[HONG KONG] Oil is poised for the biggest monthly advance since April amid speculation informal talks among Opec members in Algeria next month may result in action to stabilise the market.
Futures slid 0.3 per cent in New York, trimming the monthly gain to 11 per cent. Iraq would support a proposal for the Organization of Petroleum Exporting Countries and other major producers to freeze output, Prime Minister Haidar Al-Abadi said in Baghdad.
US crude stockpiles increased by 942,000 barrels last week, the industry-funded American Petroleum Institute was said to report. Government data due Wednesday is forecast to show a 1.3 million build.
Oil entered a bull market Aug 18, less than three weeks after tumbling into a bear market. A cap on production would be positive for the market, Saudi Arabia's Energy Minister Khalid Al-Falih said in an interview last week, while ruling out a cut to output. A deal to freeze supply was proposed in February but a meeting in April ended with no final accord.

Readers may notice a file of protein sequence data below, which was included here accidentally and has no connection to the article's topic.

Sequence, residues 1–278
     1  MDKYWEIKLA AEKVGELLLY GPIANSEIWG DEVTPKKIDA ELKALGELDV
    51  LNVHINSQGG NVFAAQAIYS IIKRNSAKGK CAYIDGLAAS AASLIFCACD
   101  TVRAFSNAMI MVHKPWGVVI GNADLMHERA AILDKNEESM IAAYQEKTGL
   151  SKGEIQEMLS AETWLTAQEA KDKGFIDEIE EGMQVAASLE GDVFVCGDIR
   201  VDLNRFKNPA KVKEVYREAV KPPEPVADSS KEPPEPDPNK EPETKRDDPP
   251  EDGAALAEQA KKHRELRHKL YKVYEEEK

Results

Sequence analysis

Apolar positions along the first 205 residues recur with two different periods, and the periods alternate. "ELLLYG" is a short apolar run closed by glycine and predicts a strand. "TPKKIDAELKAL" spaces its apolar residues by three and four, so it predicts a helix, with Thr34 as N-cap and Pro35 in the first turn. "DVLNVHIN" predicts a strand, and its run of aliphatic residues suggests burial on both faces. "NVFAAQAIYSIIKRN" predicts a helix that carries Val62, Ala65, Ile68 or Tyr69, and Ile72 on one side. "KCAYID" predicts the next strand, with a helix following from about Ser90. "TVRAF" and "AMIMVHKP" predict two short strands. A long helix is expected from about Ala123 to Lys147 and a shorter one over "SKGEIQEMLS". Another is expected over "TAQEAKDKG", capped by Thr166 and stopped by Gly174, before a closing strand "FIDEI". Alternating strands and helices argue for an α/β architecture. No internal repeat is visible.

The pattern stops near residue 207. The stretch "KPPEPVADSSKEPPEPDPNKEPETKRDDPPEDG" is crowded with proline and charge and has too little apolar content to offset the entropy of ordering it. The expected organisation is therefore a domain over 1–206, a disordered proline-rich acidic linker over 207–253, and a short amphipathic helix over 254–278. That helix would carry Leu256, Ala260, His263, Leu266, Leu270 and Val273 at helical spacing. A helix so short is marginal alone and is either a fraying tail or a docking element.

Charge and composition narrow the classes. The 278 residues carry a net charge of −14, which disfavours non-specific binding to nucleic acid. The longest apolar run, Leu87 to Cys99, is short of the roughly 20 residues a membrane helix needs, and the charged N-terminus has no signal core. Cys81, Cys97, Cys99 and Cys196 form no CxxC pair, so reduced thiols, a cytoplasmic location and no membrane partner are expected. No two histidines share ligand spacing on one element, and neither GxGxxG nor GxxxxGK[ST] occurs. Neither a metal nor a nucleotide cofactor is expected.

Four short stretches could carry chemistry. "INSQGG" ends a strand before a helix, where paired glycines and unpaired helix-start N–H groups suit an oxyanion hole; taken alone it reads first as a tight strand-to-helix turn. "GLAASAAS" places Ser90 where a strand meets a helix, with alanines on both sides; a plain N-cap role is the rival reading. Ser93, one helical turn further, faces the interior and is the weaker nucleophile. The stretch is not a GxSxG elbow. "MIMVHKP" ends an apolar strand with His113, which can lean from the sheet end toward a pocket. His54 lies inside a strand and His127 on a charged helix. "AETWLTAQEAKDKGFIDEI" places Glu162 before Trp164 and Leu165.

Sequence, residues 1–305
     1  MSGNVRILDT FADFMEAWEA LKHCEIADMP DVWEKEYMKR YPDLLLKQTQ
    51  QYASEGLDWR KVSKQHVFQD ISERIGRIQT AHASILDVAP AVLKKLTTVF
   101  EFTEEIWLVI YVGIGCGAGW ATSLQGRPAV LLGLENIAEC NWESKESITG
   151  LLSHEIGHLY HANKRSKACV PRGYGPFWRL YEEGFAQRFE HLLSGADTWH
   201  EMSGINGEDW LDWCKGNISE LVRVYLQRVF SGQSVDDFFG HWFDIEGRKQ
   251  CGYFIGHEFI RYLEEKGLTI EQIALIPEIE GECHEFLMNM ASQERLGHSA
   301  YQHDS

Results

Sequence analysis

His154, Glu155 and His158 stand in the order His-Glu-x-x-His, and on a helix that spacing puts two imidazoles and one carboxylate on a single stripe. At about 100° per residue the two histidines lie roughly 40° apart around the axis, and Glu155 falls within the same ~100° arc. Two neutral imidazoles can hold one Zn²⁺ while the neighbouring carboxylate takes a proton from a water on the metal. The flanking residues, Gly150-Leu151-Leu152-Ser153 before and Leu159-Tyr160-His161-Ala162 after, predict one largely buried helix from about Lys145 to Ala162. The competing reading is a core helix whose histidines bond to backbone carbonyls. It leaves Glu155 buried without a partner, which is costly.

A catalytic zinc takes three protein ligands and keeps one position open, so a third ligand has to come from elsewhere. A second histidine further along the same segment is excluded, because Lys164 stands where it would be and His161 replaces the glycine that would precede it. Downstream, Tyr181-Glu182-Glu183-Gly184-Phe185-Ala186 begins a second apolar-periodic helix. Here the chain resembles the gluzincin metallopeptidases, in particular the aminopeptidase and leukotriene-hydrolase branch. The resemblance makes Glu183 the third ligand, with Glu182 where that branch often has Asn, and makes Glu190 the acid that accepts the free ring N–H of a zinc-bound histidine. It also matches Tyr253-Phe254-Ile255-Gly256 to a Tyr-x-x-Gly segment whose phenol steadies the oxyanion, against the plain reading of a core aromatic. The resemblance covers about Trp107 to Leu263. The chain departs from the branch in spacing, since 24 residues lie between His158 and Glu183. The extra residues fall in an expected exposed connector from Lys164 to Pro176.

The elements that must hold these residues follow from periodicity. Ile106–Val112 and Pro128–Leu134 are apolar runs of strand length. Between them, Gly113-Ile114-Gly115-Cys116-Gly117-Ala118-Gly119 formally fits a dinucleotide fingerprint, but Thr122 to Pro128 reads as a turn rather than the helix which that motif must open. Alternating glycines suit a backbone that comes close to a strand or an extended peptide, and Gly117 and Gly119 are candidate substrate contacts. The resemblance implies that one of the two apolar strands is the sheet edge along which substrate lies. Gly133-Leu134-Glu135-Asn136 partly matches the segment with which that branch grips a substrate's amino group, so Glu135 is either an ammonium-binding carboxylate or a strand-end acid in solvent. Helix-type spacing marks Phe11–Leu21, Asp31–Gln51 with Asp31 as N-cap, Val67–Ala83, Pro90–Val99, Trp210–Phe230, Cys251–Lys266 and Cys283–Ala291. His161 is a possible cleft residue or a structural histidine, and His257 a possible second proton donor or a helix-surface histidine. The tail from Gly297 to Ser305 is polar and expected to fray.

"A freeze based on current maximum production levels, or somewhere near that, may not have too much practical impact on the market," said Ric Spooner, chief analyst at CMC Markets in Sydney.
"We are moving into the maintenance season for refineries and we could see some inventory builds starting to happen. There is the possibility that prices could drift lower."
West Texas Intermediate for October delivery was at US$46.22 a barrel on the New York Mercantile Exchange, down 13 US cents, at 8:02 am in Hong Kong. The contract declined 63 US cents to settle at US$46.35 a barrel on Tuesday. Total volume traded was about 1 per cent above the 100-day average.
Brent for October settlement, which expires Wednesday, was 10 US cents lower at US$48.27 a barrel on the London-based ICE Futures Europe exchange. Prices dropped 1.8 per cent to US$48.37 on Tuesday.
The global benchmark was at a US$2.10 premium to WTI. The more-active November contract slid 7 US cents to US$48.66.